Pain and Depression

Pain and Depression

Winter can be especially tough for people with chronic pain. Cold, wet weather can aggravate pain. Snow and ice can make socializing and staying active a challenge. Darker days can trigger sadness or even depression. Before depression or other psychiatric conditions can be treated and improved, they first have to be identified. Your pain management doctor should ask you about feelings and symptoms, and how you’re coping with pain. Don’t be embarrassed, or feel like you’re complaining, if you’re having trouble handling pain or if you’re feeling low. Speak up and tell your team what’s going on. Getting help and feeling better are important! To learn more, review these questions and answers.

Having chronic pain means I will become depressed, experience anxiety and have disturbed sleep.

A. True   B. False

If depression or other psychiatric conditions are present along with pain, it’s crucial to treat both.

A. True   B. False

My doctor recommended that I see a pain management psychiatrist or psychologist, which probably means he or she believes my pain is imagined, just in my head.

A. True   B. False

Medications used to manage pain can cause psychiatric symptoms, including depression.

A. True   B. False

Antidepressants can be prescribed to treat pain itself, even if the person in pain doesn’t have depression.

A. True   B. False

Most people with chronic pain take many medications that result in side effects, so trying non-medication treatments for depression is a good place to start.

A. True   B. False


1.  (B) False. While these symptoms are common in patients with pain, chronic pain does not automatically sentence you to depression, anxiety or poor sleep. Take symptoms seriously and tell your provider. Safe and effective options are available to help you feel better, physically and mentally.

2.  (A) True. Treating one doesn’t make the other go away. For example, if someone has depression and pain, treating just pain doesn’t necessarily mean the depression will go away. Likewise, trying to treat just the depression without lowering pain levels is often not successful. Often, neither gets better unless you treat both. Seeing a pain psychiatrist can help.

3.  (B) False. If your doctor has recommended a pain management psychiatrist or psychologist, it does not mean the pain is imagined. A pain management psychiatrist understands chronic pain and can help you learn ways to decrease and cope with pain. Talk to your doctor for a referral to someone who specifically has expertise in treating pain.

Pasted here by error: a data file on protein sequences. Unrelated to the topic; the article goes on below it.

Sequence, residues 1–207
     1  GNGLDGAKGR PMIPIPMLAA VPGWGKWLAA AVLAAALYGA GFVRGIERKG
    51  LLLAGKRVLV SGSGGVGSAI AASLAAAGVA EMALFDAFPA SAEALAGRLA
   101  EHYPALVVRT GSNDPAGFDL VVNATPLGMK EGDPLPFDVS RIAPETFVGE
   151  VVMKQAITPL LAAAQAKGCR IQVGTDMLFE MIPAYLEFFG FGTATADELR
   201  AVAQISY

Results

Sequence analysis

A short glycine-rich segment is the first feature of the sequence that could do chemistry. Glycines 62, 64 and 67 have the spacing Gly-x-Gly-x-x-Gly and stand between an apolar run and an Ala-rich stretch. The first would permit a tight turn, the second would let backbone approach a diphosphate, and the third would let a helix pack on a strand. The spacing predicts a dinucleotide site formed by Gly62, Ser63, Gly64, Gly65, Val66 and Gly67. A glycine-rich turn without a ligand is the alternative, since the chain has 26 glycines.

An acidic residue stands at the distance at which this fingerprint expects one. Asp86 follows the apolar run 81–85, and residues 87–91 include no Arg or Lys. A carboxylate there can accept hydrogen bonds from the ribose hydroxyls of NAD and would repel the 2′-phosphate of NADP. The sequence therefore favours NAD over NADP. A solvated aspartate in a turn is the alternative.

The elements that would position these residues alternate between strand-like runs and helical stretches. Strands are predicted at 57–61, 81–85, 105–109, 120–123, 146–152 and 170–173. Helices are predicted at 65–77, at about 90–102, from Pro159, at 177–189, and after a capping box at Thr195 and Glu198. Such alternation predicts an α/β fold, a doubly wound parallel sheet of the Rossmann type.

4.  (A) True. Many pain management drugs cause psychiatric symptoms, including sedation or depression. It’s important for someone on your treatment team to figure out what’s causing what and make recommendations to minimize side effects. Some pain medications may cause unusual or serious psychiatric side effects. For example, medications that are “NMDA receptor antagonists” such as Dextromethorophan or Ketamine can cause anxiety, hallucinations or cognitive problems. Most doctors prescribing these require a prior psychiatric evaluation to be sure there aren’t underlying psychiatric disorders that might be worsened by these medications.

5.  (A) True. Antidepressants can be used for managing chronic pain itself, separately from treating depression. It’s important to remember that if your doctor recommends an antidepressant, it doesn’t mean that your pain is “in your head” or that you’re simply imagining your pain. As well, we know that pain often exists along with depression and anxiety, so these medications can be a good choice when psychiatric symptoms are present along with pain. Using one medication for multiple symptoms is a good idea. Three different categories of antidepressants used to treat pain are:

1) SNRI (Serotonin-norepinephrine reuptake inhibitors) “Dual-action” anti-depressants, those that work on both the serotonin and norepinephrine systems, help with pain. An example is Cymbalta, which is helpful in both diabetic peripheral neuropathy and fibromyalgia, and Savella, which is approved forfibromyalgia.

2) Tricyclics (TCAs) These older antidepressants can help many pain conditions. In fact, they are the most studied antidepressants for pain. However, even though they work, they are not FDA approved to treat pain. Examples include amitriptyline (Elavil) and nortriptyline (Pamelor).

3) SSRIs (Selective serotonin reuptake inhibitors) There is some evidence, though research has been mixed, that SSRIs help with both migraines and chronic daily headache.

6.  (A) True. There are many types of therapies that can make a difference in your mood fairly quickly. You can also learn new skills—such as relaxation techniques and visualization—that can both decrease pain and improve your mood. Therapy is also a place to get support for the challenges you’re facing and to figure out how to improve your life. Unless symptoms are severe, starting with therapy (before medication) is ideal, to see if therapy alone can help you feel better.

Sarah M. Whitman, MD, is a board-certified psychiatrist with over 22 years of experience. In her private practice, she works primarily with patients with chronic pain. Dr. Whitman supports an integrated approach to pain management that involves medical and psychological components. To learn more, visit www.HowtoCopewithPain.org.

PainPathways Magazine

PainPathways Magazine

PainPathways is the first, only and ultimate pain magazine. First published in spring 2008, PainPathways is the culmination of the vision of Richard L. Rauck, MD, to provide a shared resource for people living with and caring for others in pain. This quarterly resource not only provides in-depth information on current treatments, therapies and research studies but also connects people who live with pain, both personally and professionally.

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